This fact is underpinned by a study that showed back pain reduction among participants after 12 weeks of practicing a one-hour yoga program that used the cobra pose as one of its essential exercises (Telles et al. 20161).
4. Activates the Spine
The asana activates the energy flow in the spine and anterior chest area and counteracts fatigue. It also activates the heart chakra, the throat chakra, and the brow chakra.
5. Promotes Self-Esteem
The graceful cobra pose opens the body and mind, giving courage and new self-confidence.
Studies prove that especially teenagers can boost their self-esteem and concentration through yoga (Janjhua et al. 20202).
6. Reduces Depression
The asana is associated with a “feeling of rise” by raising the upper body and stretching the spine.
One study showed improvement in people with mild to moderate depression after participating in an eight-week hatha yoga program that included practicing the cobra twice a week (Prathikanti et al. 20173).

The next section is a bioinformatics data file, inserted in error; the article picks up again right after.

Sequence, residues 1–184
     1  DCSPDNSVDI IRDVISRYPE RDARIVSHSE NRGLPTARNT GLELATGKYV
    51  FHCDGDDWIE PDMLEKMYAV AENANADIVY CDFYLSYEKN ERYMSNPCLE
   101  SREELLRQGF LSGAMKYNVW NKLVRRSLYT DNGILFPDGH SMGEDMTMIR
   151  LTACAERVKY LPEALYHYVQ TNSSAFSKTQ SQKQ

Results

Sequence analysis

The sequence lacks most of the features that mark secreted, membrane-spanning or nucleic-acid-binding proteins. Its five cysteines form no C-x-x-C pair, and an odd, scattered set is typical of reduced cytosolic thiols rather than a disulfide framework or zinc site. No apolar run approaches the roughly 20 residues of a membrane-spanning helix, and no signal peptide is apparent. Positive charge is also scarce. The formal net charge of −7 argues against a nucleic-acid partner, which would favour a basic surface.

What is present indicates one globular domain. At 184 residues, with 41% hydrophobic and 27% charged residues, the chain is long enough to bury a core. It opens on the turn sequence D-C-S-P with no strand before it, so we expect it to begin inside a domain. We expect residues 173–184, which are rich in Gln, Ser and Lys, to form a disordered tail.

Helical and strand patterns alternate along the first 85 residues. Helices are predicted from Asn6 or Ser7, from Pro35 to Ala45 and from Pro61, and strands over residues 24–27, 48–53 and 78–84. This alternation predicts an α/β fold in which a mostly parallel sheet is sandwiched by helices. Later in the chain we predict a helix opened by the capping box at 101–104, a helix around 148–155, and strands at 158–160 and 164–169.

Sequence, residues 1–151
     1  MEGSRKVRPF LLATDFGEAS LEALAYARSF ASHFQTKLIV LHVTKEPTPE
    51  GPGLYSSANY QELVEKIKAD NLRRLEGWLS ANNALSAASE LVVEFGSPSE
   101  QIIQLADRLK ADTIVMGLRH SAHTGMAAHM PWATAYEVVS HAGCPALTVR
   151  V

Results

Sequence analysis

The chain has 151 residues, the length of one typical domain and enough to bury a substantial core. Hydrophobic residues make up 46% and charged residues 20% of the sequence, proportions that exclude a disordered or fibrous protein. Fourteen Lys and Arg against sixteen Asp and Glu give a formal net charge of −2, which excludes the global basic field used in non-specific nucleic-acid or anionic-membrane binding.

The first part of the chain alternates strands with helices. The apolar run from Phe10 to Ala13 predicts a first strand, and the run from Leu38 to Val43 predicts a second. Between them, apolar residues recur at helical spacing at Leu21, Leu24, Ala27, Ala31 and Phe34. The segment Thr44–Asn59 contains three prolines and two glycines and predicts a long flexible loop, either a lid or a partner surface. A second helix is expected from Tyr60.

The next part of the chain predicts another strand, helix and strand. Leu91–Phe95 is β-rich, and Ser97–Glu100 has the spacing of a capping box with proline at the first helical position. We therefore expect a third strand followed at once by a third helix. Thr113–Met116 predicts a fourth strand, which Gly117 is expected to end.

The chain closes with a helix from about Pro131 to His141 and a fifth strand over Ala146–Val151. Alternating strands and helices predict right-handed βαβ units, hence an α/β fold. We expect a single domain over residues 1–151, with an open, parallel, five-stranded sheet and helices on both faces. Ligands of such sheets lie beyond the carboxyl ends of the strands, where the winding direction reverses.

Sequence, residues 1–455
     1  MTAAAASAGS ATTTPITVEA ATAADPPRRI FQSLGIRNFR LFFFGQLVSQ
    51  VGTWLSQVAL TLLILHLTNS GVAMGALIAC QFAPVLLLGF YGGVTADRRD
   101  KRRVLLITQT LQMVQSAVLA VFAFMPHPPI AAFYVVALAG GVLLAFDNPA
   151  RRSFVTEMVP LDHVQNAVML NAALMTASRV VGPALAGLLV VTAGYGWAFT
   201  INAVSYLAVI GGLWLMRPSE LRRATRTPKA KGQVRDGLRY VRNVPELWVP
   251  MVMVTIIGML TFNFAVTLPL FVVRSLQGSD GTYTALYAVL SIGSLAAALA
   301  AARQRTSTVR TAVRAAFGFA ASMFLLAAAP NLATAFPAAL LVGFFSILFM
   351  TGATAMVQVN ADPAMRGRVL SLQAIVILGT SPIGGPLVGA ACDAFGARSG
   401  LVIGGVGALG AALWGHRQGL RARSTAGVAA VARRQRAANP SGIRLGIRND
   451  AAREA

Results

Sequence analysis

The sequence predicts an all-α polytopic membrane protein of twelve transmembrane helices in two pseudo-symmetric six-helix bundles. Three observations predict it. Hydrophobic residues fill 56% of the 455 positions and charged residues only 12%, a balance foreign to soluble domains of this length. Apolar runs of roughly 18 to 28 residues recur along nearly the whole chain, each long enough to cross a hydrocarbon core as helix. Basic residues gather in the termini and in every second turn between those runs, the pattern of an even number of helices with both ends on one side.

7. Improves Sleep
Although backbends are energizing and activating, regular practice of the cobra pose can reduce stress and improve sleep quality as a result.
Yoga incorporating the cobra pose has been found to have a more beneficial effect on sleep than traditional exercises, such as jogging (Ebrahimi et al. 20174).
In particular, women struggling with symptoms of menopause may find this yoga practice helpful in improving sleep quality (Jayabharathi et al. 20145).
8. Regulates the Menstrual Cycle
Practiced regularly, the asana helps regulate an irregular menstrual cycle. Researchers have even proven that the cobra pose reduces the severity and duration of period cramps (Rakhshaee 20116).
9. Promotes Fertility
When revitalizing the hormonal system and reproduction, the cobra pose helps in several ways when practiced regularly. It promotes blood flow to the uterus and ovaries, detoxifies the body, reduces anxiety and stress, and thus strengthens the entire reproductive system.
For this reason, the position is also practiced in hormone yoga.
10. Improves digestion
A regular practice of Cobra stimulates the digestive organs, relieves constipation, and stimulates gastrointestinal function.